Too often, media cannot explain itself and the default is to start faulting the creative work. It may indeed deserve the criticism, but it should not be the first place we look for improvement.

Here’s why, media spread sheets look like certainty but just as often, turn out to be an inexplicable hot mess. All you need do is ask a few probing questions. Don’t take my word for it.

Before the creative ever hit the media, it has been developed with audience insight and research and goes out into the world with some earned confidence.

Thanks to vast segmentation and targeting, media today needs to be considered within the discipline of direct response. Direct response methodology would employ control and test groups to refine the mix and optimize results to a final plan. Then, with incremental decisions, make adjustments with A/B splits of media and creative to achieve optimization.

This approach at first appears more costly but in the long run achieves optimization with assurance. Quarterly readouts of media performance are insufficient for the dynamic nature of media today. Monthly readouts in context of a rolling 30-day strategic plan that seeks optimization and learning offer brands increased efficiency and confidence.

If done correctly, ROI modeling utilizes segmentation as a tool and not an end in itself.

I recently came across this wonderful quote attributed to Ann Richards, commenting on the talents of the famed dancer Ginger Rogers.

“After all, Ginger Rogers did everything that Fred Astaire did. She just did it backwards and in high heels.”

The phrase “backwards and in high heels” struck a chord with me. It reminds me of camera work. Especially the hand-held or shoulder mount variety. I love this type of work, particularly in a less scripted context like a documentary project.

It gives the feeling of doing a dance with the subject and the subject matter, following the lead of the story. The work of following the action, framing, pulling focus is very much performance art. It hones the instincts and sharpens the senses. It also places me in the heart of the story, not observing from a distance but observing from the inside.

The intimacy of the viewfinder and anonymity of the camera are a strange and lovely paradox.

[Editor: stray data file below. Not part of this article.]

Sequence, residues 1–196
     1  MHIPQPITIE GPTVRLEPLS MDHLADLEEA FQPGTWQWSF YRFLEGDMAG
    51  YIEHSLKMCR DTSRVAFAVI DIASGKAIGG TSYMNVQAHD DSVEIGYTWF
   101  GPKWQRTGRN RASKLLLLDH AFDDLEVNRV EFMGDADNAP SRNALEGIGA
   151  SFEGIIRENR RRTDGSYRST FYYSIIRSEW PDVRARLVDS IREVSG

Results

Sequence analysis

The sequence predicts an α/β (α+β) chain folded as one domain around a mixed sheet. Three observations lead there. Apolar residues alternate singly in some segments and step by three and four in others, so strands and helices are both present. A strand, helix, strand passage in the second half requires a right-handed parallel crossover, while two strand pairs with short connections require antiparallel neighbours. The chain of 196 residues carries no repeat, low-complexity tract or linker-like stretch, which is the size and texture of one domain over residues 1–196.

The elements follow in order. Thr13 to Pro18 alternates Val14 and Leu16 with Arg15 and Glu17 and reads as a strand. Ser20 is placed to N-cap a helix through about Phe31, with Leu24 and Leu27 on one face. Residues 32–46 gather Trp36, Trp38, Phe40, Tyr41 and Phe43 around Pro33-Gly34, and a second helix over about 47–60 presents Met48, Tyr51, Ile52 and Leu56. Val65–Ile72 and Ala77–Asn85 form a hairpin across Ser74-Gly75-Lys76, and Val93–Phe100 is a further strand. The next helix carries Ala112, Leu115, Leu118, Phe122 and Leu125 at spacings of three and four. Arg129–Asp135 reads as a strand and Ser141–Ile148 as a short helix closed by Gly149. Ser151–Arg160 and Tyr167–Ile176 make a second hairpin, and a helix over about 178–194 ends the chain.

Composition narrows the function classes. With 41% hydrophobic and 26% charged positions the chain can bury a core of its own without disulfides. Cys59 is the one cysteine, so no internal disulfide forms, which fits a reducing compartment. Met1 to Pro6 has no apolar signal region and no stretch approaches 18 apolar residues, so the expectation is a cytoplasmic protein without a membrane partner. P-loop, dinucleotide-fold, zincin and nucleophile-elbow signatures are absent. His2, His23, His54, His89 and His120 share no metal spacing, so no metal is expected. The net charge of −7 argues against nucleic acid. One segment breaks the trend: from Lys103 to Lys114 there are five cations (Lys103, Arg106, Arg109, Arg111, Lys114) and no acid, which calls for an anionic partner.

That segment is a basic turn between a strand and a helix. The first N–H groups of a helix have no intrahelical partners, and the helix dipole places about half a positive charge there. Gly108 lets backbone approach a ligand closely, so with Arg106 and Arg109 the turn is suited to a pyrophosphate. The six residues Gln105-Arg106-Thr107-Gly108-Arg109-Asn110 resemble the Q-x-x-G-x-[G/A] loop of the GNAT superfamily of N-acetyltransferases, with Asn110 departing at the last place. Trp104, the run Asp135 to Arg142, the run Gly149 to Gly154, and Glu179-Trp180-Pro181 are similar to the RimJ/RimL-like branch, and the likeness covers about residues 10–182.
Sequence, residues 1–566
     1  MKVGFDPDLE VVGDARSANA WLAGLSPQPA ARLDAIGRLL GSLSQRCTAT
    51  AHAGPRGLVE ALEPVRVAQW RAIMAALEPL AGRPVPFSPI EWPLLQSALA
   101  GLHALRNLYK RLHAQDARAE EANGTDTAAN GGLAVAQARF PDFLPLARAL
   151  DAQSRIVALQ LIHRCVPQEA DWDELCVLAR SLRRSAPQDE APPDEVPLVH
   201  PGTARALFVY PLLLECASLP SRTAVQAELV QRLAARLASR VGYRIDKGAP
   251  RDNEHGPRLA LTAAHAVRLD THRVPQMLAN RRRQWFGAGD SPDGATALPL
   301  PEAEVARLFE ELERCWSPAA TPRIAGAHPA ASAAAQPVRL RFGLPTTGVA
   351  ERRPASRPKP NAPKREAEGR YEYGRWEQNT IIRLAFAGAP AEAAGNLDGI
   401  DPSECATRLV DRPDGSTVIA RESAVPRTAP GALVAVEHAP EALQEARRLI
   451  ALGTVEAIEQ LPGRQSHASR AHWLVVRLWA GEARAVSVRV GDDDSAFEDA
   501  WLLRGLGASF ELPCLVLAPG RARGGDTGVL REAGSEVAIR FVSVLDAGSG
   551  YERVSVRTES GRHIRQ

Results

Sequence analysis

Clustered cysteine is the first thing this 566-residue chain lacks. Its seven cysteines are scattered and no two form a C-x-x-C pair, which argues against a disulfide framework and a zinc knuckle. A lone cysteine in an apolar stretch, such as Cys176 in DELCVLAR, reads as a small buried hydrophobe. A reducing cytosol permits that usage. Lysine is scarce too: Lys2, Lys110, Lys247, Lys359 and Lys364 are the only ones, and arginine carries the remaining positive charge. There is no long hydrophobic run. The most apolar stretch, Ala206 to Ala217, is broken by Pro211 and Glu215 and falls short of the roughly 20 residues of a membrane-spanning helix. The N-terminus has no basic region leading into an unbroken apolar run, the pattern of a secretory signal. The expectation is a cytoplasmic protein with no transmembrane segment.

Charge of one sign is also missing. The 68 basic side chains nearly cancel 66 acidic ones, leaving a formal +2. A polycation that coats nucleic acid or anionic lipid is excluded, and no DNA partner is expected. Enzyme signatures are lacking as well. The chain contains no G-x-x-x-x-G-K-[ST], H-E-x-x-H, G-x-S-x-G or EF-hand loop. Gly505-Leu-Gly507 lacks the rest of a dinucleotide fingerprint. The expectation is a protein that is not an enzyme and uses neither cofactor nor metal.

When I’m hired to produce a story, it is authenticity we are after. This is what is so powerful about documentary work. It’s an act of bravery. For people who have a story they want to tell, it’s essential that our relationship is anchored in trust and mutual appreciation. It’s all part of the dance that shows up on the screen.

As partner to Fred Astaire, Ginger Rogers was certainly his equal, if not superior, in every way.

Their combined talents achieve something more than either could do alone.

To the untrained observer, walking a tightrope seems like a high-risk activity. To the well-trained acrobatic artist, the tightrope is a platform for their creativity. The risks are well-calculated and the practice so refined, that confidence brings buoyancy to their work.

In the world of ideas, clients and agencies must come to a mutual understanding of well-calculated risk. The goal is break-through creative that challenges norms, animates the brand and motivates the audience.

For many clients, there’s also an additional objective; “not to do any worse than the past brand manager or campaign.” There’s nothing wrong with a good dose of self-preservation.

To the unprepared client, work that appears as if on a tightrope is going to incite fear of doing worse. To the agency, it’s the platform from which to demonstrate their hard-won skills and highly developed talents.

It takes a trusting client-agency relationship to explore boundaries and push the limits of creativity. The goal is to see the tightrope not as a high-risk activity, but as a well-calculated and desirable achievement that will deliver growth for their brand.

Confidence is the glue that binds us to big ideas.